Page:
Google says that it has cut malware on Android in half
Google said Thursday that malware infections on Android devices have been cut in half in the past year following security upgrades for the mobile platform.tech reviews Updated: Apr 03, 2015 15:10 IST
Google said Thursday that malware infections on Android devices have been cut in half in the past year following security upgrades for the mobile platform.
In a security review for 2014, Google said it made significant strides for the platform long seen as weak on security.
Android security engineer Adrian Ludwig said in a blog post that the overall worldwide rate of potentially harmful applications installed dropped by nearly 50% between the first quarter and the fourth quarter of the year.
Ludwig noted over one billion Android devices in use worldwide have security through Google Play "which conducts 200 million security scans of devices per day" and that fewer than one percent of the devices had potentially harmful apps installed in 2014.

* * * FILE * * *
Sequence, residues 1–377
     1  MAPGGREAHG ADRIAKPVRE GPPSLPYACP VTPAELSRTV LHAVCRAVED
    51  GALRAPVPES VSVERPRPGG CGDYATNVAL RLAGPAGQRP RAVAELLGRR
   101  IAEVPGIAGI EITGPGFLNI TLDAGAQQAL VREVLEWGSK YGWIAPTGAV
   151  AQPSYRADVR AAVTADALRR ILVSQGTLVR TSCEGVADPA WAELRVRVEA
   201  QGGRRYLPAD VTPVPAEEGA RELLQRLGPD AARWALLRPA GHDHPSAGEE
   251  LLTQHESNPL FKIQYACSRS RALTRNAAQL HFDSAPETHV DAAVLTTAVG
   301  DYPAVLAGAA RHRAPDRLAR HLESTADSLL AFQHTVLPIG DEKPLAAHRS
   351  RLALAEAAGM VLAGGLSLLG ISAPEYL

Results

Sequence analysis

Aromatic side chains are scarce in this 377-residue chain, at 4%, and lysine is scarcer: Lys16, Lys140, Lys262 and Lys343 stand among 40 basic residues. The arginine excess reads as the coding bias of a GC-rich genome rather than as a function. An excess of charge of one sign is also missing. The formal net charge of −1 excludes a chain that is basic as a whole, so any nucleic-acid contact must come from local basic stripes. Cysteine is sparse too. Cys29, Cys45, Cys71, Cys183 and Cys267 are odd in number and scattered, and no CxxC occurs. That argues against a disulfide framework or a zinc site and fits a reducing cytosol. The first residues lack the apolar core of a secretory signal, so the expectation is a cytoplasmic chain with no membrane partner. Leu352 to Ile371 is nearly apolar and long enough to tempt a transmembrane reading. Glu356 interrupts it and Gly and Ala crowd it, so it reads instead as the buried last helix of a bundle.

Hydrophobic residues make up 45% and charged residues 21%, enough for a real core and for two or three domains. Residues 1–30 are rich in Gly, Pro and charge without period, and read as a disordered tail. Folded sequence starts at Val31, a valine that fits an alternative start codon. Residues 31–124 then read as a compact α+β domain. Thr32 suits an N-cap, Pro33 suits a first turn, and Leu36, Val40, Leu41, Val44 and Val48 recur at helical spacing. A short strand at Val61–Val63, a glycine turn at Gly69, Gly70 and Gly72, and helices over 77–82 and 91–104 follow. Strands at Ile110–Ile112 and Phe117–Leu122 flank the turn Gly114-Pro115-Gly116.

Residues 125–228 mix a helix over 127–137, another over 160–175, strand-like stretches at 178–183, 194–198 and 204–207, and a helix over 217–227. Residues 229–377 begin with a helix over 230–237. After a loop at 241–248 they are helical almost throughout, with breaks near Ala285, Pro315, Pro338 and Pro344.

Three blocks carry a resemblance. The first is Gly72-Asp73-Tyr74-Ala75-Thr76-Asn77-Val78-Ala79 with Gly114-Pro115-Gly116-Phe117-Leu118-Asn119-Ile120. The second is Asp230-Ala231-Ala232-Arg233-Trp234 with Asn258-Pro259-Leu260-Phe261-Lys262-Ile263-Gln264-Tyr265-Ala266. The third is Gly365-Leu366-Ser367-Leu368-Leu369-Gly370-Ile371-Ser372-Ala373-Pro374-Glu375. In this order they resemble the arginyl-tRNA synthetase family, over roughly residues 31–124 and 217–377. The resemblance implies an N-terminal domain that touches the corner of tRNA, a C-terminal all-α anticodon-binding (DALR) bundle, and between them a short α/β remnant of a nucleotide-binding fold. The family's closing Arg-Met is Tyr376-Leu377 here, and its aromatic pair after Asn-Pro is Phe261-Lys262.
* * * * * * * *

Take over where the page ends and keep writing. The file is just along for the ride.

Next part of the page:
For those devices which only use Google Play apps, the rate of potentially malicious apps was less than 0.15%, Google said.
The report noted that Android got several security upgrades in 2014, including improved encryption and better detection tools for malware.
Android has long been seen as vulnerable to malware because it is an open platform and many devices run older versions of the mobile operating system
But Google's report said its review "does not show any evidence of widespread exploitation of Android devices."
"We want to ensure that Android is a safe place, and this report has helped us take a look at how we did in the past year, and what we can still improve on," Ludwig said.
"In 2015, we have already announced that we are are being even more proactive in reviewing applications for all types of policy violations within Google Play. Outside of Google Play, we have also increased our efforts to enhance protections for specific higher-risk devices and regions."
Android is used on around 80% of the smartphones globally, but its popularity has also made it a magnet for malware.